500 Days of Summer

Wait Till He Finds Autumn


01 July 2009| No Comments on 500 Days of Summer     by Sean Chavel


Even the melancholy moments are delightful. (500) Days of Summer is a film with five hundred seeming memory jogged replays or a number close to it. Winningly, it is full of those moments that occupy relationships between smart, inquiring and contemplative twenty-something’s. This is what happens when the writing is snappy and the directing is swift. Most of the movie goes right – it is very confident and self-assured and the actors have sass.

The film, with its’ spontaneous detours through dream sequences, a French New Wave impromptu, black & white snapshots, attention-grabbing diagram drawings, a split screen with a fake-and-real scheme, and a buoyantly choreographed musical number that is a throwback to Gene Kelly – is a whimsical romance. The film is breezily photographed and the cutting has a pop rhythm. It moves exuberantly and smartly.

Like an IPad Shuffle, Tom (Joseph Gordon-Levitt) replays his 500 up-and-down days with the girl he loves. Tom is a greeting-card writer who gave up on his dreams of being an architect, and Summer (Zooey Deschanel) is the new office assistant whom he’s smitten with the moment he lays eyes on her. Word is out that she’s a closed-off snob. The longest he steers his eyes away from her is for three days. On day four, they share the elevator and bond over The Smith’s song “There Is a Light That Never Goes Out.” An after-work outing taps two karaoke performances by first Summer, then Tom. Then Tom’s drunk friend tells him, “Why don’t you just tell her you like her?” An office romance flowers soon after.

This flick has the kind of unpredictable giddiness you would find in a Cameron Crowe film before Cameron Crowe lost his magic. The hook is that the two lead characters are unorthodox opposites. Reversing stereotypes, Tom is a sensitive and romantic one with grandiose ideas about how love completes us. Summer is uninterested in having a boyfriend and enjoys her independence. While they are dating, Summer insists they are just friends. By the time they become a couple they quarrel like “Sid & Nancy.”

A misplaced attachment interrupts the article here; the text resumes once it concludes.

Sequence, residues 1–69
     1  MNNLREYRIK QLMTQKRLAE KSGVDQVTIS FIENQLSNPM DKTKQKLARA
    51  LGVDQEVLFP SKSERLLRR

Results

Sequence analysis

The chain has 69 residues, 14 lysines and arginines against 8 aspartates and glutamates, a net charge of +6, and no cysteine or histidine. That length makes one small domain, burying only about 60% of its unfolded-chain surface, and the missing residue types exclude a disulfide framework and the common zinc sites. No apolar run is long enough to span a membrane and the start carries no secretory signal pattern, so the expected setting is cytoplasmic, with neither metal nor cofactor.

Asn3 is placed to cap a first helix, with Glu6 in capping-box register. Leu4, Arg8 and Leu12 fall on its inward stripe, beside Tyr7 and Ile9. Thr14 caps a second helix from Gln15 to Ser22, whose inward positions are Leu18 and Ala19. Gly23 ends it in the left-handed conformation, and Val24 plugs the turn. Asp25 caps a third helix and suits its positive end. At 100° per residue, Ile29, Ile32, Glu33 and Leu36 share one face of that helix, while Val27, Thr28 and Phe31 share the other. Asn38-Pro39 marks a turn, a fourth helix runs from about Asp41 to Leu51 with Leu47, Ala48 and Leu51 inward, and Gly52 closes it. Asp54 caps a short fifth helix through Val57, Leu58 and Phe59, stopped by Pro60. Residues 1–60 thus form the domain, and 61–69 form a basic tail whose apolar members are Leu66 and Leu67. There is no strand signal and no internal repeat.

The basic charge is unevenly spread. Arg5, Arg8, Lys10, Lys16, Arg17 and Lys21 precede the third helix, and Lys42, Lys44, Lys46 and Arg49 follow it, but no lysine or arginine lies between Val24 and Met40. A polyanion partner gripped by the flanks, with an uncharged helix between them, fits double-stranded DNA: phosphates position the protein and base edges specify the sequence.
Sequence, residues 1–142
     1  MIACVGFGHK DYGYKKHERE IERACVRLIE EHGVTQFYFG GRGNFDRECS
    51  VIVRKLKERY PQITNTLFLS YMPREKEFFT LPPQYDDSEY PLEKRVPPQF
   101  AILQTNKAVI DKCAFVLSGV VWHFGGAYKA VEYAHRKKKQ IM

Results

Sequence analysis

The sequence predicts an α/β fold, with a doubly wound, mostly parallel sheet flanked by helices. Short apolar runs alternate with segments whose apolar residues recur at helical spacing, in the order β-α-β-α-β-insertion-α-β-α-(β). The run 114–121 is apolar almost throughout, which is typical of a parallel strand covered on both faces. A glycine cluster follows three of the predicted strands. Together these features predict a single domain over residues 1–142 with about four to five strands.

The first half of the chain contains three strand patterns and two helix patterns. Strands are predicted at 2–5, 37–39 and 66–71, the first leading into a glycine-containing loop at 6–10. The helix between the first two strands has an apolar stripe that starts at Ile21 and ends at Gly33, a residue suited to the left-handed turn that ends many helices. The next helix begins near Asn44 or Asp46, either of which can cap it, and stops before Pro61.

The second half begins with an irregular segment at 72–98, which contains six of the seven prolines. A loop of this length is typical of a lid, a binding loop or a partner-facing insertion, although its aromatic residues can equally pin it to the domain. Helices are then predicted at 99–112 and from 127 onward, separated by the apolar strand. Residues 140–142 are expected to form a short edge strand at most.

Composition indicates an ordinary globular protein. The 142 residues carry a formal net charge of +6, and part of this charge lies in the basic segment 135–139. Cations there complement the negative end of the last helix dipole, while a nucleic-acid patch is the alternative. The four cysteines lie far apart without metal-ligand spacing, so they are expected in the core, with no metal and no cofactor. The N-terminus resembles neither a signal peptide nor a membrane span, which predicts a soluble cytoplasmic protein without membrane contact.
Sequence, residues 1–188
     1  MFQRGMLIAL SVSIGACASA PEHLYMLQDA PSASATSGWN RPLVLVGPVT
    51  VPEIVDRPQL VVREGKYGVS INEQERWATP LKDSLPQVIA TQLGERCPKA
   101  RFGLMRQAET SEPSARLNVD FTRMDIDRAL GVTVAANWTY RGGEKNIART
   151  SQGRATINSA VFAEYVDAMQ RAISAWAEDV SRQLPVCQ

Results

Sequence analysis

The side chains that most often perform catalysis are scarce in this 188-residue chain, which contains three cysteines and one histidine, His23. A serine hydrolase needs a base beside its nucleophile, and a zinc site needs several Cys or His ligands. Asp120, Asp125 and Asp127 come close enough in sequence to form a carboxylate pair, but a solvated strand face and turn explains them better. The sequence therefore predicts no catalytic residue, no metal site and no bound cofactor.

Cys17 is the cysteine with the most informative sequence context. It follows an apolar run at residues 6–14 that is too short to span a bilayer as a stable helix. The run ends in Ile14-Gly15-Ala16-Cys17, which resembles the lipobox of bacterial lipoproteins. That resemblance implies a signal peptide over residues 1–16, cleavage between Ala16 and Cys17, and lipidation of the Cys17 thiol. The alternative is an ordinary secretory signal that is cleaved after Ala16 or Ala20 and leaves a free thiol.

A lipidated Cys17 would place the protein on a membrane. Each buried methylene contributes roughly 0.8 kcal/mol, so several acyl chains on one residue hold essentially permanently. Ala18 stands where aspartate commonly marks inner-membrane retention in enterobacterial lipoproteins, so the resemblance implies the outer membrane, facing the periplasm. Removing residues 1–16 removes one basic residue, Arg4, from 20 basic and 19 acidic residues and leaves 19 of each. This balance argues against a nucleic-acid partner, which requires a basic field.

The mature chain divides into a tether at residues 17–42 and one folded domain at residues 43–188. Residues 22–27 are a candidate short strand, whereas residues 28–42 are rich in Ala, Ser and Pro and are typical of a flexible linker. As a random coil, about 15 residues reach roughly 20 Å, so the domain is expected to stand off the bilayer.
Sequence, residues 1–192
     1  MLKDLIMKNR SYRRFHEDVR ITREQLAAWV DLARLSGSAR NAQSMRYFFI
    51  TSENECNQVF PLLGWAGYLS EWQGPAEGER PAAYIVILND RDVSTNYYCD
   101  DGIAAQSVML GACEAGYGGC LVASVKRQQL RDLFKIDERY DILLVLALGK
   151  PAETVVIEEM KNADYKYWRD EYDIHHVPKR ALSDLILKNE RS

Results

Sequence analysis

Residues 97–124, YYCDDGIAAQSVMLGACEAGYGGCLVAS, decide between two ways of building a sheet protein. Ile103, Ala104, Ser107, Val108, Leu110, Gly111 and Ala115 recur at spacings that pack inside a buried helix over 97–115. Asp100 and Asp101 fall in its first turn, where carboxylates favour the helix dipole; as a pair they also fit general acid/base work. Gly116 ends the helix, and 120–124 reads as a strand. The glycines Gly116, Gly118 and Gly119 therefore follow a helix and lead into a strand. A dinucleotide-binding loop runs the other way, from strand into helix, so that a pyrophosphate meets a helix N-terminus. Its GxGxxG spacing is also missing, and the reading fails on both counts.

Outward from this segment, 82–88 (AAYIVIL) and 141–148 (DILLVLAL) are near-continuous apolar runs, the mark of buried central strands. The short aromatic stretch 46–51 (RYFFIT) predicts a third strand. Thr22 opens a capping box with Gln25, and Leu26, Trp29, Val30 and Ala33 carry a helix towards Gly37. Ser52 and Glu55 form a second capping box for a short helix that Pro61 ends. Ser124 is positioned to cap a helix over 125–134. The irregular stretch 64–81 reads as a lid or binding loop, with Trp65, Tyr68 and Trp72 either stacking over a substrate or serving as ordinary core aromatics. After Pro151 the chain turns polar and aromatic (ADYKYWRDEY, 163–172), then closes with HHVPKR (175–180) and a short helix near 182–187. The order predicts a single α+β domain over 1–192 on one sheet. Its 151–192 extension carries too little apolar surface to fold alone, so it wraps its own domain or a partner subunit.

The film slides back and forth in time, using flash title cards informing us which day they are in. They are all Tom’s scattered memories, shuffling between day 32 and day 185 and then back again to an earlier time, and so forth. It is like a sunnier version of “Eternal Sunshine of the Spotless Mind.”

It feels like the last 100 days are redundant. But that’s sick love – you stick around past all reasons of insanity. Not much goes wrong with “Days of Summer” as an entertainment, or as a burning romance. Yet it could have entirely disposed of scenes of Tom receiving advice from his pre-teen sister which are moments that scream of degenerate rom-com sappiness. Another unmerited distraction: Tom also has a gratuitous blow-up on the false magnanimousness of the greeting cards his company composes. Most of the time, the film is a jaunty affair that is more sweet and divine than real life. It would be nice if it had edits, but I would still love to see this movie again sometime.

95 Minutes. Rated PG-13.


Film Cousins: “Annie Hall” (1977); “New York New York” (1977); “Eternal Sunshine of the Spotless Mind” (2003); “Revolutionary Road” (2008).

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Sean Chavel

About The Author / Sean Chavel

Sean Chavel is a Hollywood based author and movie reviewer. He is the Executive Director of flickminute.com, a new website that has adapted the movie review site genre by introducing moodbased and movie experience based reviews.


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